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PRESS RELEASE: Dumanis says redevelopment must continue in San Diego

(Editor’s note: SDGLN is not reporting on the 2012 San Diego mayoral race because SDGLN Publisher Johnathan Hale has a personal relationship with City Councilmember Carl DeMaio, who is running for mayor. SDGLN will also not be making an endorsement in the race.

For the first time in San Diego history, the mayoral race has two prominent LGBT candidates: DeMaio and District Attorney Bonnie Dumanis. Although SDGLN will not be reporting on the mayoral race, we will, as a service to the LGBT community, publish selected press releases by DeMaio and Dumanis to inform our readers about their campaigns. These press releases will be clearly labeled as such so that readers understand they are not written by SDGLN staff members.

In addition, all candidates for any political race are allowed to submit two pieces per month for our Commentary page. SDGLN Editor in Chief Ken Williams can be reached at ken@sdgln.com, @KenSanDiego on Twitter or at (877) 727-5446, x713.)

THIS IS A PRESS RELEASE FROM THE BONNIE DUMANIS CAMPAIGN

SAN DIEGO – San Diego District Attorney and Mayoral candidate Bonnie Dumanis released the following statement Wednesday marking the end of the Center City Development Corp. and the Southeastern Development Corp. and addressing the need for successor agencies to assist and promote redevelopment in San Diego:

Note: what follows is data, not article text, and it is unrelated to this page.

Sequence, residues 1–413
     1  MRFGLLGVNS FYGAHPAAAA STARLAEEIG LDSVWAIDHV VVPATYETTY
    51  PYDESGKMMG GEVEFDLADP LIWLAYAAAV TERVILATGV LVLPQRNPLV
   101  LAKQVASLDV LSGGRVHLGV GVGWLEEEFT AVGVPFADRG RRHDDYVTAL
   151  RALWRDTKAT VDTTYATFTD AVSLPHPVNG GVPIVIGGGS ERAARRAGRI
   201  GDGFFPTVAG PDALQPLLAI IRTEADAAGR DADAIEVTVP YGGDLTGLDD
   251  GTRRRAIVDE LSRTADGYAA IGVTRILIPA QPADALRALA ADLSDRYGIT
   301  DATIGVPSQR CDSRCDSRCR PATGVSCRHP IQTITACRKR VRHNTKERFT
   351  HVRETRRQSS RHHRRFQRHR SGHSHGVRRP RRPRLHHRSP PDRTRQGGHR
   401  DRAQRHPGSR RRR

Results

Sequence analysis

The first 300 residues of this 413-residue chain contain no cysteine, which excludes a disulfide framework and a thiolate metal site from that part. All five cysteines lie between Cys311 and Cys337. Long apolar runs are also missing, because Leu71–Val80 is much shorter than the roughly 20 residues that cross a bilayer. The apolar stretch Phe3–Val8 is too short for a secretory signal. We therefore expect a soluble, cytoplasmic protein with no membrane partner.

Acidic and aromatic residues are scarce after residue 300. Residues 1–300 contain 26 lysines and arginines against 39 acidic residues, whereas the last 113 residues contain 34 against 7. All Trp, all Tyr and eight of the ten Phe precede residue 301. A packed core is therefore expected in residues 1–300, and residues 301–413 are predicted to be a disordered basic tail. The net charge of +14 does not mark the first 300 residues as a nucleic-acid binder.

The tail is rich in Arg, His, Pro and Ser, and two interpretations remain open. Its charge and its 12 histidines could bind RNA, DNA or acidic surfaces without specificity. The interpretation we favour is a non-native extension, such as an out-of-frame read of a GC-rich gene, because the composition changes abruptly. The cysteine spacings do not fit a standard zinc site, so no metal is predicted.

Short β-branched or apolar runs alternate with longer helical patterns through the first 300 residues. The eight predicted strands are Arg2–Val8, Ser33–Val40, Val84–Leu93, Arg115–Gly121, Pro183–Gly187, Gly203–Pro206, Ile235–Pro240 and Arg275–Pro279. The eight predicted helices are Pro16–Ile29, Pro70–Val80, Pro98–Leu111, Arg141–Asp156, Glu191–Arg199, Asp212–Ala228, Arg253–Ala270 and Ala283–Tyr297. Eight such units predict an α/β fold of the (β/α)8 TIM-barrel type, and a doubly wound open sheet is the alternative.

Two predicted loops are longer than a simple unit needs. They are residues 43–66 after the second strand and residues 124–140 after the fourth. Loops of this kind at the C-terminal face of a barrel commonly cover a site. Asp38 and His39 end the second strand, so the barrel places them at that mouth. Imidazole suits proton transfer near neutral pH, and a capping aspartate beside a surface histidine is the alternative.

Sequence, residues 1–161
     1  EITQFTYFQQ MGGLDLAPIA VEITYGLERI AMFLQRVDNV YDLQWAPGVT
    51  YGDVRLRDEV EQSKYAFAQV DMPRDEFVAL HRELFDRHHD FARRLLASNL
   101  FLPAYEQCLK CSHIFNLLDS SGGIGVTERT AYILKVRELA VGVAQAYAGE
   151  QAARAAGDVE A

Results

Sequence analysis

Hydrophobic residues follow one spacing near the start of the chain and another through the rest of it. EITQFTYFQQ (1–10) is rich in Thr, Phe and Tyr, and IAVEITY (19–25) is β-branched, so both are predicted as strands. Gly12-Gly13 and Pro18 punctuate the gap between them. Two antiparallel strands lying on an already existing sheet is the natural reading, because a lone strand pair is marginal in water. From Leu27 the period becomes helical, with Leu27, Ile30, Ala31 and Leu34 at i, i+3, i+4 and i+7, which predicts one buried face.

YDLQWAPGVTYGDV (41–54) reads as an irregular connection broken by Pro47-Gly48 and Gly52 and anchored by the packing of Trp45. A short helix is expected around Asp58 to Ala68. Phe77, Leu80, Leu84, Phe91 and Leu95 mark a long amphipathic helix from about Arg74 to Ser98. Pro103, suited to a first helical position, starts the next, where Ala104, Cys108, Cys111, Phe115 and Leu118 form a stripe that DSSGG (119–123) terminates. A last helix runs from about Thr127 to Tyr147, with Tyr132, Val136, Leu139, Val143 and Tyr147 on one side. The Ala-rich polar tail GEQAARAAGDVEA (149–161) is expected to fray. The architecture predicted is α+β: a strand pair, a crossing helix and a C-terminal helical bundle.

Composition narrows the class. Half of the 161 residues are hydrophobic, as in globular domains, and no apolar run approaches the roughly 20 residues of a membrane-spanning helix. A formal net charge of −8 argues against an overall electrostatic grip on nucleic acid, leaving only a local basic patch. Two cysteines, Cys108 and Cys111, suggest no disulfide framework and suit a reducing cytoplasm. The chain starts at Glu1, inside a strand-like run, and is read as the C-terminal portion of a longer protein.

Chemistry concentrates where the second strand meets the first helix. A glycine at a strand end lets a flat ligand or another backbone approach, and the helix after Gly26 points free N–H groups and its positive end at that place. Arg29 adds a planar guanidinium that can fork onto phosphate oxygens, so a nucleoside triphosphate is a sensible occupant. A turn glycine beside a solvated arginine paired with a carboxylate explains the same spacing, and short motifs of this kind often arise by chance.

Today is the start of a new chapter for the city of San Diego and a significant change in the way our city will grow in the future. Today, our city takes the first steps to implementing a governance structure and priorities of a brand new agency that will drive redevelopment in San Diego-- a successor agency to CCDC and SEDC.

As we turn that page, we need to engage the diverse communities in San Diego about their vision, their planning issues and their goals for the future.

The change represents a major shift in how residents and businesses in redevelopment zones will work together with city government. And there are challenges facing this successor agency, which will need to work effectively on a much broader canvas, while continuing to create a vibrant downtown and move neighborhoods forward currently in redevelopment zones.

The changeover raises many questions:

How do we create the CCDC model for streamlining the permitting process and yet consolidate resources to finish the job of the redevelopment agencies throughout San Diego? How will the successor agency continue approval procedures with short entitlement processes? Can current city departments follow CCDC’s example with direction for infrastructure and entitlement processes?

As our city begins to answer these questions, it's critical that we prioritize planning issues and carry out CCDC's vision to make urban and cultural amenities accessible to all San Diegans. The legislature has left us no choice but to take over this responsibility. And the implementation of Assembly Bill 26 will require experience and leadership to work in partnership with numerous jurisdictions and agencies.